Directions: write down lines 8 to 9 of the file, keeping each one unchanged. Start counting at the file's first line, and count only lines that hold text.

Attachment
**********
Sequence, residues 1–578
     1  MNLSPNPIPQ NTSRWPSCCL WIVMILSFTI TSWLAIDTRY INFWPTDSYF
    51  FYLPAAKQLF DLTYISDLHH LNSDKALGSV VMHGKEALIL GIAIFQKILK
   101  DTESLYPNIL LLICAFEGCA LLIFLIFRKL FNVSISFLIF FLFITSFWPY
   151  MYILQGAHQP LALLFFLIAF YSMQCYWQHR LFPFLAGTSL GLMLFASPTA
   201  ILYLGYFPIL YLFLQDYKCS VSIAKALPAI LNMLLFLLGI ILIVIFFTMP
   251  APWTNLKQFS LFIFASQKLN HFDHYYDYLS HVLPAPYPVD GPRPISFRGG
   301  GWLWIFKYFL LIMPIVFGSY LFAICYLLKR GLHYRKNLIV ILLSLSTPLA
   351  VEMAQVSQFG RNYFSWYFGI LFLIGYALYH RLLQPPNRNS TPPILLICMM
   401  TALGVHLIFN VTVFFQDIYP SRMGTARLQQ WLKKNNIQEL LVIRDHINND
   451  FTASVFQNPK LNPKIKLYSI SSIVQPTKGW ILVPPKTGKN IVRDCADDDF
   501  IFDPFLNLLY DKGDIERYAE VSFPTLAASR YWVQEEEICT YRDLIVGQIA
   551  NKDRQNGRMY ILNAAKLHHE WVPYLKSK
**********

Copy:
   301  GWLWIFKYFL LIMPIVFGSY LFAICYLLKR GLHYRKNLIV ILLSLSTPLA
   351  VEMAQVSQFG RNYFSWYFGI LFLIGYALYH RLLQPPNRNS TPPILLICMM